Only in the last few weeks has the temperature in New York City descended to consistently freezing lows, yet I've been numb since last summer. I am contemplating still the murder of Michael Brown.
Cannon finally succumbed to the torture and gave a false confession that implicated him in the murder. On the sole basis of that confession, Cannon was convicted and sentenced to life.
You will hear a lot about what it means to be a black woman -- some good, and a lot of it bad. In those moments, when you sit back, confused, and striving to find your own definition of what it means to be a black girl in America, I want you to think about a few things.
Malcolm X faced the kind of racial determinism that many students of color have become accustomed to today. Proponents of high stakes testing resurrect such determinism, presumably without the racial overtones, by reducing students, their hopes and dreams for the future, to test scores.
While many Illinoisans know some of the more prominent names associated with the 1960's Civil Rights movement in the United States, such as Martin Luther King Jr. or Rosa Parks, many might not realize that Illinois is home to some of its own important Civil Rights leaders.
American history is not black history, and our history is not America's to dictate. Until we understand that and begin teaching our history to ourselves in ways that serve our own cultural needs instead of the majority's, we will continue to internalize this nation's prejudices against us, instead of arming ourselves to appropriately demonize and deflect them.
Philadelphia, like so many other cities across the nation, has lost its sense of unity and purpose. Poverty has robbed too many Philadelphians of their individual dignity, family and community.
During Black History Month, I'm reminded yet again of the ways that the struggle for civil rights is interwoven with the struggle for workers' rights. Perhaps no one better personifies that link than A. Philip Randolph, the first African-American inducted into the Labor Department's Hall of Honor.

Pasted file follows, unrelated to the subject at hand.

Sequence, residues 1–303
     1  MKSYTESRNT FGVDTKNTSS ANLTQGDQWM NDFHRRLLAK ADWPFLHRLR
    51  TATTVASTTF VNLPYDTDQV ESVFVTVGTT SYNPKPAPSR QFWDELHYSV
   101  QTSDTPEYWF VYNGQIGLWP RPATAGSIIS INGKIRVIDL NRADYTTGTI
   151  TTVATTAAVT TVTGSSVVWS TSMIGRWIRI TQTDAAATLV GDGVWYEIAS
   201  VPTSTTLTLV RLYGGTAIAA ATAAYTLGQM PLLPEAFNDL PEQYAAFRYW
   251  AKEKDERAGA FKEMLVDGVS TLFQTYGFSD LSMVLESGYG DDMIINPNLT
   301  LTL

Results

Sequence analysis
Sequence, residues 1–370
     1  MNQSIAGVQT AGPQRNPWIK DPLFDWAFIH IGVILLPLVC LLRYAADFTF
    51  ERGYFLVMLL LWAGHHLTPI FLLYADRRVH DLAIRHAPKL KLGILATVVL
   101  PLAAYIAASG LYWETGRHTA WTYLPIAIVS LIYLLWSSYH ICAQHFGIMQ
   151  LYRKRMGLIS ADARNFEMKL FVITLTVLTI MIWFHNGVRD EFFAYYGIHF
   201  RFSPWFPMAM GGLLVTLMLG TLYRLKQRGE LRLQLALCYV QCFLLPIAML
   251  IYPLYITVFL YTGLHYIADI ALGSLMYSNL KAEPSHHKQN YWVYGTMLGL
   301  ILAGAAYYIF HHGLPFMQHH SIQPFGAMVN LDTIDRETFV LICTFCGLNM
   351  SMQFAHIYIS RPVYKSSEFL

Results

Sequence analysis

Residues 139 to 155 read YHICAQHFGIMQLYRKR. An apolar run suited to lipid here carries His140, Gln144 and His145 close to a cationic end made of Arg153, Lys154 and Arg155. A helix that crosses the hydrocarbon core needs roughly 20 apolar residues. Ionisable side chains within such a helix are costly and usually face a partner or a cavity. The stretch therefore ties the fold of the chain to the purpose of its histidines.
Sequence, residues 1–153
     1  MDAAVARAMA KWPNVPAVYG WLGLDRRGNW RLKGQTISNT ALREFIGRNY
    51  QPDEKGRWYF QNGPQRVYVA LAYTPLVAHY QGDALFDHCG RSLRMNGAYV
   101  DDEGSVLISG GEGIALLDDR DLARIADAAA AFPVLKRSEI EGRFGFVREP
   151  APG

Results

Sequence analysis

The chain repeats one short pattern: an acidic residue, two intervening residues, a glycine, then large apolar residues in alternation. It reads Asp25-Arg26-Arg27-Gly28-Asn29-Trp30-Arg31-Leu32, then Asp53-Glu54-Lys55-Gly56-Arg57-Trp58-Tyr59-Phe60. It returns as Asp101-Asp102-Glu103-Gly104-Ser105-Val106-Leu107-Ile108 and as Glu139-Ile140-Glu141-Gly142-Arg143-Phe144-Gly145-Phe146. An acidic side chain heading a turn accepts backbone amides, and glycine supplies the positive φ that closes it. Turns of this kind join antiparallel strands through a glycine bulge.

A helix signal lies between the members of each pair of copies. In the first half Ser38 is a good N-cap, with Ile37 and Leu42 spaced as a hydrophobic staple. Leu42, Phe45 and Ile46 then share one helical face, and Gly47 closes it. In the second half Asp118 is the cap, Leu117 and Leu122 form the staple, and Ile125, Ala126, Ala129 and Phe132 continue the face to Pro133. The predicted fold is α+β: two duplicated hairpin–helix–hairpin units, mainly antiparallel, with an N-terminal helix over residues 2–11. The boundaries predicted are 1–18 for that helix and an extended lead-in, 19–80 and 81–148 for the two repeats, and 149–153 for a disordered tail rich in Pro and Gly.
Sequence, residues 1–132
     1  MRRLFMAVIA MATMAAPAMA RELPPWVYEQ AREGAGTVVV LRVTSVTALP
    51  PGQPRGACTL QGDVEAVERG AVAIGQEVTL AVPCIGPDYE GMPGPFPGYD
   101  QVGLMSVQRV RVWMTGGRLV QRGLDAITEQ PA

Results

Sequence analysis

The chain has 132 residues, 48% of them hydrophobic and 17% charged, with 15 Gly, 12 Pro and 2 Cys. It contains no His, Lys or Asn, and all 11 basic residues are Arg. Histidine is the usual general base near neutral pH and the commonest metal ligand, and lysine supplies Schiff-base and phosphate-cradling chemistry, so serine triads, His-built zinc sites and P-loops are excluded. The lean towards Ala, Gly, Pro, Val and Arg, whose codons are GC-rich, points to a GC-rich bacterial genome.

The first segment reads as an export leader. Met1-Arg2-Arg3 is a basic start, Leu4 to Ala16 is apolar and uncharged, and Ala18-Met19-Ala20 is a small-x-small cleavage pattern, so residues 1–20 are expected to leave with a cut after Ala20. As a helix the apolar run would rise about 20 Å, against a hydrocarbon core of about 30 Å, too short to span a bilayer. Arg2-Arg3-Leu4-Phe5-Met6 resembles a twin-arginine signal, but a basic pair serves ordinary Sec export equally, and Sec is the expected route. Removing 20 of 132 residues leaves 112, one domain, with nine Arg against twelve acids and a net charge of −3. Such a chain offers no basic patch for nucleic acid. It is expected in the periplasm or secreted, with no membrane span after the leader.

The overall tone gives a glow of positivity -- like the sunlight warming a cold place in the shadows. Dark Girls gives us all an opportunity to reflect on our unconscious thoughts, words and actions.
Together we can bring more people to the table by expanding feminist narratives and acknowledging the intersection of issues within the larger movement for women's empowerment. To strengthen our movement, we have to address inequality as all women experience it.
The history of the modern labor movement, which is positioned to speak, fight, and win on behalf of all workers, is filled with strong black figures who fought for civil and economic justice during a time when justice was not guaranteed for all.
A new investigation has been opened into Johnson's death. Let us pray that in these new attempts to seek justice for Johnson, a mad system comes to its senses.
We'll know black lives matter when the capitalist system that enslaved our ancestors and is intent on disposing of our future is replaced by a new socio-economic system, based on economic democracy and self-determination.
I've had the privilege of working alongside a prodigious group of Black Christian leaders throughout my career as a social justice activist. Their lives and ministries have shaped me deeply and continue to do so as I grow in my own ministry of racial reconciliation and justice.
Strange, still, is the spectacle of a Southern lynching upon a swing set, a symbol of youthful euphoria now rendered the site of a Black youth's strangulation.
My vision only makes sense to those young men we met in Ferguson, and the future we seek to create if Black Faith will show up.